The Book of Esther

After writing about the book of Esther in “Ruth, Esther, and Judith,” I wrote the following Afterword about the book.

Esther is in no way similar to what many think the book contains.

Perhaps most noteworthy about the book of Esther is that it contains no mention of God and no indication that the Judeans observed any biblical command. Even when the Judeans fasted because of Esther’s request, no mention is made that they prayed for divine aid. As we saw, this failure to state that they observed the Torah bothered the Jewish community and many imaginative additions to the book were invented to supply the missing religious content.

In addition, our study has revealed numerous points that run counter to popular conception:

  • Esther was not a heroine. She repeatedly expressed hesitation from the moment that Mordecai requested that she speak to the king to save the Judeans from Haman’s decree, to every encounter she later had with the king. She needed the assurance gained by having people fast for her safety. It appears that she was unable to talk to Ahasuerus when she approached him after the fast because she feared for her life, so instead of revealing why she came she invited him and Haman to a feast. Even at the feast, she was hesitant and stalled by inviting the pair to a second feast.
  • Mordecai is the hero of Purim. It is he, not Esther, whom the book praises in its conclusion. According to II Maccabees 15:36, Adar 14 was called the “Day of Mordecai.”
  • Purim today is not celebrated as Mordecai asked the people to do, and as they agreed to do. The original holiday was observed for two days, on Adar 14–15. Later, for unknown reasons, it was changed to a single- day holiday observed on Adar 15 in walled cities such as Jerusalem and on Adar 14 elsewhere.
  • Both Esther’s and Mordecai’s names, although considered Jewish names today, are Persian names most likely based on the idols Ishtar and Marduk.
  • Purim, too, is not a Hebrew word. The book had to define pur as a lottery. Thus, the holiday’s name is based on Haman’s superstitious notion that a lottery could reveal the auspicious day for exterminating Judeans.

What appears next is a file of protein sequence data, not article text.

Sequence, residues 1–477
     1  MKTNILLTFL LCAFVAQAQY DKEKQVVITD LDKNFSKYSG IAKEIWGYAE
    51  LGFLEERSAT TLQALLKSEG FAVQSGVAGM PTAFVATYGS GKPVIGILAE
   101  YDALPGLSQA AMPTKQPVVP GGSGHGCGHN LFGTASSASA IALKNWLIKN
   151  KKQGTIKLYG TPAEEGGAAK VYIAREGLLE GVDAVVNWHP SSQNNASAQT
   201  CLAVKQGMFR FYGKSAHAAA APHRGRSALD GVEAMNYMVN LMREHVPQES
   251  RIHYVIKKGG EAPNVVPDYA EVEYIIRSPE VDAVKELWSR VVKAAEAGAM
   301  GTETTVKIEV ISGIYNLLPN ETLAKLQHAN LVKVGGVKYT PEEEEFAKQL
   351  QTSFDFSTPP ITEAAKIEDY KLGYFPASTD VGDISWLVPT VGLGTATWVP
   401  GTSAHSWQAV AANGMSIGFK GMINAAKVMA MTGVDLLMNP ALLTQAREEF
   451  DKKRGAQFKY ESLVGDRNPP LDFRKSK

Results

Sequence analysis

• The Hebrew noun used for Judeans, Yehudim, is obscure. It could refer to the descendants of the tribe of Judah, which was the principle tribe of the time – and therefore for simplicity’s sake, all were called by this name. Alternatively, it could be translated as “Jews.” While the name “Jews” was derived from Judean, there is no certainty that the people were called Jews at that time.
  • The primary practices of Purim include feasting, drinking alcohol, and sending gifts. This reflects how the pagan Ahasuerus celebrated. He had banquets with much alcohol and shared the food and drink with his people. There is nothing Jewish about this kind of celebration. The notion that people should drink so much that they cannot distinguish Mordecai from Haman, which is mentioned in the Talmud, is also pagan. It reminds us of how Ahasuerus was so inebriated that he dismissed his wife Vashti, even though he considered her so beautiful that he wanted to show her off to his people.
  • The requirement to read the book of Esther during the holiday is not mentioned in the book and was instituted later.
  • Yet, Purim reminds Jews that despite many persecutions Jews will never disappear, a fact that even Haman’s wife is reported to recognize in this book.
About the Author
Dr. Israel Drazin served for 31 years in the US military and attained the rank of brigadier general. He is an attorney and a rabbi, with master’s degrees in both psychology and Hebrew literature and a PhD in Judaic studies. As a lawyer, he developed the legal strategy that saved the military chaplaincy when its constitutionality was attacked in court, and he received the Legion of Merit for his service. Dr. Drazin is the author of more than 50 books on the Bible, philosophy, and other subjects.
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